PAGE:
Angry leaseholder activists in residential properties owned by the Cornwall Park Trust Board have launched a campaign against what they say is an unfair situation, making a film to highlight their cause.

They have launched a web site with an online petition, made a video launched in February to further their cause and are seeking signatures online.

Leaseholder John McConnell of Wheturangi Rd said 17 families had been "forced" from their homes in the last few years, as annual rent payments shot from as low as $3400/year to up to $90,000/year when 21-year leases were reviewed based on hugely escalating land values. But the board says it is acting within the law, the lessees can sell at any time if they want to and not a single lessee had won court action.

"Some lessees have challenged the trust's lease terms and renewal process in the courts. In every case and all courts, the leases and the board's actions have been upheld and the proceedings have failed," the board said in its submission to Parliament earlier this year.

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Read more: Cornwall Park Trust Board submission to Parliament

McConnell said most of the 17 properties were "abandoned and untenanted."

Leaseholder and lawyer John Carter petitioned Parliament to help lessees by changing the law. Read more.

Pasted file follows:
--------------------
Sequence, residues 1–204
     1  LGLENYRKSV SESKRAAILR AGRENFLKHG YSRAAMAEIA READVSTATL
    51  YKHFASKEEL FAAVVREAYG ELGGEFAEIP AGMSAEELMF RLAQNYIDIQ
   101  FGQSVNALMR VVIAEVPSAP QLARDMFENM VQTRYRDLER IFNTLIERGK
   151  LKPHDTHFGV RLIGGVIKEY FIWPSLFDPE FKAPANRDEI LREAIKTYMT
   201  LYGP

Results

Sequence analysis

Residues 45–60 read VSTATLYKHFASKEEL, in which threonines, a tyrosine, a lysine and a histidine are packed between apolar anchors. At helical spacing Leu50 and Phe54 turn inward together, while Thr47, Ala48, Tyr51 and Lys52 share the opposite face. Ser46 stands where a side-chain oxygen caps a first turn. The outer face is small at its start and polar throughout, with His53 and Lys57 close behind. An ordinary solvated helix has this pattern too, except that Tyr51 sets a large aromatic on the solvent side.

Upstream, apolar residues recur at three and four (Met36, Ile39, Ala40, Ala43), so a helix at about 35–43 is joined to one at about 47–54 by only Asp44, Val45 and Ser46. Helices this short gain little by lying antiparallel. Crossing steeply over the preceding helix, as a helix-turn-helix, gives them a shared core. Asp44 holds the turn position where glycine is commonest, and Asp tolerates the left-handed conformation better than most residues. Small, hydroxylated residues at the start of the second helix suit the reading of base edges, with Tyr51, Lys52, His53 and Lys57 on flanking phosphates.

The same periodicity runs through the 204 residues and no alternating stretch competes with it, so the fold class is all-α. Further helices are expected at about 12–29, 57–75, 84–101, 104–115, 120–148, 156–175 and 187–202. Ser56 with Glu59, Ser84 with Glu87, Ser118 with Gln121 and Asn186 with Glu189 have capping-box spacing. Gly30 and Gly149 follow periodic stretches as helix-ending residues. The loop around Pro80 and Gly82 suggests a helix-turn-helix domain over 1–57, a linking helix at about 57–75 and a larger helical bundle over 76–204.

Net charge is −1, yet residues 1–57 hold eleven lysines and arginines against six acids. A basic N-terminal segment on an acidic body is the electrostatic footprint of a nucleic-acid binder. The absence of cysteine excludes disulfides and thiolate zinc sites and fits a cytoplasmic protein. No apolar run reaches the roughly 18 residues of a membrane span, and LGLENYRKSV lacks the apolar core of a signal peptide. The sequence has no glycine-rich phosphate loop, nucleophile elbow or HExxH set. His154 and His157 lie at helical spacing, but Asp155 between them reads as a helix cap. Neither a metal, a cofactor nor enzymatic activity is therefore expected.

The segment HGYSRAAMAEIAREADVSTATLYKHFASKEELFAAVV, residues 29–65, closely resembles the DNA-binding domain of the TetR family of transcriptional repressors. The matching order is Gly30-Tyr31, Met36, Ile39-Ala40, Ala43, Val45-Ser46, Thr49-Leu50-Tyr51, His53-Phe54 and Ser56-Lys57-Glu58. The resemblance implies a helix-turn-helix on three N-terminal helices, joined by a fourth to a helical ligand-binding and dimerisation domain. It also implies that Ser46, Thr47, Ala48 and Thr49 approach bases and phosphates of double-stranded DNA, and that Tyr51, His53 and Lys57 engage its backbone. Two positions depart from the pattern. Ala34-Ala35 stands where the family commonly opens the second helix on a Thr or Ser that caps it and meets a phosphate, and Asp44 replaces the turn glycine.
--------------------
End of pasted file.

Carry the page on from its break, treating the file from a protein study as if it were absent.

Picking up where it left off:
But the board told Parliament: "The board is a constituted body with authority to act is recognised in statute.. with supporting legal precedent. The board is acting according to law while the petitioners are looking to Parliament to set aside that law and previous judicial rulings. The petition is asking from Parliament a constitutional breach that would overturn the exiting lease arrangements that are set out below to interfere in this way."

The lessees' new petition says: "Resident leaseholders of Cornwall Park Trust properties are being forced to pay increased rents above market rates, or be evicted without compensation. The Trust Board has repossessed 17 homes, forcing families to leave with nothing.

"The effect on leaseholders' lives has been tragic with bankruptcies, marriage breakups and mental health issues as families lose their homes to the trust. Families are being forced to pay new rents of up to $90,000 per year or be evicted without compensation from the homes they bought, often with big debts still owing.

"Ninety more families will be forced to go unless the lease is updated. Family homes are left deteriorating and un-tenanted whilst there is a shortage of housing," the activists says.

"The remaining leaseholders will also be evicted unless the trustees update the lease as the other trusts have done," the activists said.